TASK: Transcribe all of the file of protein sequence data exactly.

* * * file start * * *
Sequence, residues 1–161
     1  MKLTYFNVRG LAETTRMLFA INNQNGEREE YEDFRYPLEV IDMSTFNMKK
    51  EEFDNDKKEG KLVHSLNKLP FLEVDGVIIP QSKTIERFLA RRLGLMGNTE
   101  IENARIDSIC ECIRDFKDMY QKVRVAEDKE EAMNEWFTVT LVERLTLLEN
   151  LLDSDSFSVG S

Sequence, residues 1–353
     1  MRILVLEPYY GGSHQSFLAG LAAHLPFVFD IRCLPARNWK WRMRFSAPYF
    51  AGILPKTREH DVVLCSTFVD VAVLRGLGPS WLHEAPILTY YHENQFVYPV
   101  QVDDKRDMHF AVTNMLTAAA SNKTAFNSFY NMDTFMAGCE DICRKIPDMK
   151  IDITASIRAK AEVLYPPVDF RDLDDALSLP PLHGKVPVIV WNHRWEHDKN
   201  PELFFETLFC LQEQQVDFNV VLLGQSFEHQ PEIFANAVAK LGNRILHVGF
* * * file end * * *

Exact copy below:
Sequence, residues 1–161
     1  MKLTYFNVRG LAETTRMLFA INNQNGEREE YEDFRYPLEV IDMSTFNMKK
    51  EEFDNDKKEG KLVHSLNKLP FLEVDGVIIP QSKTIERFLA RRLGLMGNTE
   101  IENARIDSIC ECIRDFKDMY QKVRVAEDKE EAMNEWFTVT LVERLTLLEN
   151  LLDSDSFSVG S

Sequence, residues 1–353
     1  MRILVLEPYY GGSHQSFLAG LAAHLPFVFD IRCLPARNWK WRMRFSAPYF
    51  AGILPKTREH DVVLCSTFVD VAVLRGLGPS WLHEAPILTY YHENQFVYPV
   101  QVDDKRDMHF AVTNMLTAAA SNKTAFNSFY NMDTFMAGCE DICRKIPDMK
   151  IDITASIRAK AEVLYPPVDF RDLDDALSLP PLHGKVPVIV WNHRWEHDKN
   201  PELFFETLFC LQEQQVDFNV VLLGQSFEHQ PEIFANAVAK LGNRILHVGF